Jane is in fifth grade, and like her, the school she attends is growing and changing. I’m fairly certain both kids will stay there through the eighth grade, but I’ve got to do my homework and look at all the other local schools. In our area there are openings for new students in the sixth, seventh and ninth grades. On my living room table is a stack of admissions packets for various schools in the area.
One school in particular stands out as being the next step. It’s rigorous but nurturing, reasonably affordable and has a good sports program. I mentioned it to Jane and she said, “No, I won’t even look at that school.”
“What? Why?” I asked her, I was stunned. They have a stellar reputation and I’d really like to see both my kids there.
“Those girls were awful. When we played them in Volleyball last year they were teasing us and making fun of us. I don’t want to have to be around them.” She went on and on to detail the manner in which the girls from the Volleyball team had displayed bad sportsmanship and how the coach had ignored their bad behavior.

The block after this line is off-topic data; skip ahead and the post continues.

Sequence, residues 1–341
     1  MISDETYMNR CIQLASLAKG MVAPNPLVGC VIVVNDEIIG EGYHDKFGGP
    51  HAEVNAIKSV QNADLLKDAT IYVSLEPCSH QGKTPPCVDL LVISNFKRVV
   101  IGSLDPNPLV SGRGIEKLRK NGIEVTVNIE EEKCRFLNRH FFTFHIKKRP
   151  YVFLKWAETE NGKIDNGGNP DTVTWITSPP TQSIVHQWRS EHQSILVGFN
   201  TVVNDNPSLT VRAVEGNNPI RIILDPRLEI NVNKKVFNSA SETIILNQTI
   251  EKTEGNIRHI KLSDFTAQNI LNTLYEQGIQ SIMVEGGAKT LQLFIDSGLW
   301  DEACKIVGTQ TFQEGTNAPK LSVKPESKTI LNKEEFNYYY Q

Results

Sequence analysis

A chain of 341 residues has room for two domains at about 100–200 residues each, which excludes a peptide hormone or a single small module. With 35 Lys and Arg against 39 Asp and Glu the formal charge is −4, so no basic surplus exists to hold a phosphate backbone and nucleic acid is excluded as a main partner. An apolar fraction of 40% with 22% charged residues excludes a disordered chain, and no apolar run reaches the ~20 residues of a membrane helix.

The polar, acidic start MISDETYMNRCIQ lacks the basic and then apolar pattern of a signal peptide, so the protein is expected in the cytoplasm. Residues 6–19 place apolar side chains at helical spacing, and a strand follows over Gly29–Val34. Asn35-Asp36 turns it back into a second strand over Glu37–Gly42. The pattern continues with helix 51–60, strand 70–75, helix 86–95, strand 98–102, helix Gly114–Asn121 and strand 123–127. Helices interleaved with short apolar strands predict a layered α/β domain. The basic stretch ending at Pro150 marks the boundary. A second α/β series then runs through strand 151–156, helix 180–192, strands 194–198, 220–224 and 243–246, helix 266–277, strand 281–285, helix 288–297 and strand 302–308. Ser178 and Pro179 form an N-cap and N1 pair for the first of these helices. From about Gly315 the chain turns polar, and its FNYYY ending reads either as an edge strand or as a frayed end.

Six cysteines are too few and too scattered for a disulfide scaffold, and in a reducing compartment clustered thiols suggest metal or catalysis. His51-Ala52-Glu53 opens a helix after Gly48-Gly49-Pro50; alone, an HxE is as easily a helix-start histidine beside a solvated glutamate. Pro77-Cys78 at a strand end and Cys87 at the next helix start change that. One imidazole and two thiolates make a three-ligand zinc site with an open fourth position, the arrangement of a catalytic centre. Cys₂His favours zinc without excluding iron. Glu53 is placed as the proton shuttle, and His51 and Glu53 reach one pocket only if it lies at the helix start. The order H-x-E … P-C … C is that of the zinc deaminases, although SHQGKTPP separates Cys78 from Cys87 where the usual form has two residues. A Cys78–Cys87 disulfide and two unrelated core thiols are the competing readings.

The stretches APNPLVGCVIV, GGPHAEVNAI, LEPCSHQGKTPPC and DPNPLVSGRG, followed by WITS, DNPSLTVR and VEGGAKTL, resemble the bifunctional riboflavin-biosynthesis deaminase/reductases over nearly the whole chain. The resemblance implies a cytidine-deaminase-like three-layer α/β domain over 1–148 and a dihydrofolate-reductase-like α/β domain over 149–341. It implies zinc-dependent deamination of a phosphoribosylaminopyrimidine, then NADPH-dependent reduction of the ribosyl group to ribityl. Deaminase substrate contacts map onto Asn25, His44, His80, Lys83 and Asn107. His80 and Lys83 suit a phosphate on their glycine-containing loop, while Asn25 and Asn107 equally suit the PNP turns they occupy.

I tried to tell my daughter that the Volleyball Team was not necessarily representative of the school as a whole. Jane stared me down with a look that I’d previously thought I owned and said, “That volleyball team is the school.”
Case closed. We’re not even touring.